Yale history professor Joanne B. Freeman, a specialist in the politics and political culture of the revolutionary and early national periods, will present a talk exploring the gritty realities of nasty politics of that period, and what it suggests about America’s founding.
“Dirty Nasty Politics in Early America,” is a free public event being held at the Jay Heritage Center on December 3, at 7pm. The lecture is presented by the Yale Westchester Alumni Association.
Joanne B. Freeman earned her Ph.D. at the University of Virginia. Her book, Affairs of Honor: National Politics in the New Republic (Yale University Press), won the Best Book award from the Society of Historians of the Early American Republic, and her edited volume, Alexander Hamilton: Writings (Library of America) was one of the Atlantic Monthly’s “best books” of 2001.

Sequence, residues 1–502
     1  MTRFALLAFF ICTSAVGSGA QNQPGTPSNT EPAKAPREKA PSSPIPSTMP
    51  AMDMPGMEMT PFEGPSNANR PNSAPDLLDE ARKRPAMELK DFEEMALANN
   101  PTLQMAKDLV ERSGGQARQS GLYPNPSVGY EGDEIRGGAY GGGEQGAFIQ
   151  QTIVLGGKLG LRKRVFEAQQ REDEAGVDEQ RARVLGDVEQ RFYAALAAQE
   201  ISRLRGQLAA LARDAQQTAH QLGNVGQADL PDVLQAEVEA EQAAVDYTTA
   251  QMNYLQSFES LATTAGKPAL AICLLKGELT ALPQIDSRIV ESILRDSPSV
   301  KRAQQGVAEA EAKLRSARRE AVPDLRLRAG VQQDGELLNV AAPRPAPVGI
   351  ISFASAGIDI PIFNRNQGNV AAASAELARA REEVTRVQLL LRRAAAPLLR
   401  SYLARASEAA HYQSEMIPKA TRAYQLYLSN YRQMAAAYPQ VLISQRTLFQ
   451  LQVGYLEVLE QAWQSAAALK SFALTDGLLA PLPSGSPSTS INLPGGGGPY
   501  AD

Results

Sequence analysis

Freeman current project, The Field of Blood: Congressional Violence in Antebellum America, explores physical violence in the U.S. Congress between 1830 and the Civil War, and what it suggests about the institution of Congress, the nature of American sectionalism, the challenges of a young nation’s developing democracy, and the longstanding roots of the Civil War.
Seating is limited and reservations are requested. The Jay Heritage Center is located at 210 Boston Post Road, in Rye, NY For more information call (914) 698-9275 or e-mail firstname.lastname@example.org
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Illustration: Southern Senator Preston Brooks attacking Northern Senator Charles Sumner in the U.S. Senate in 1856.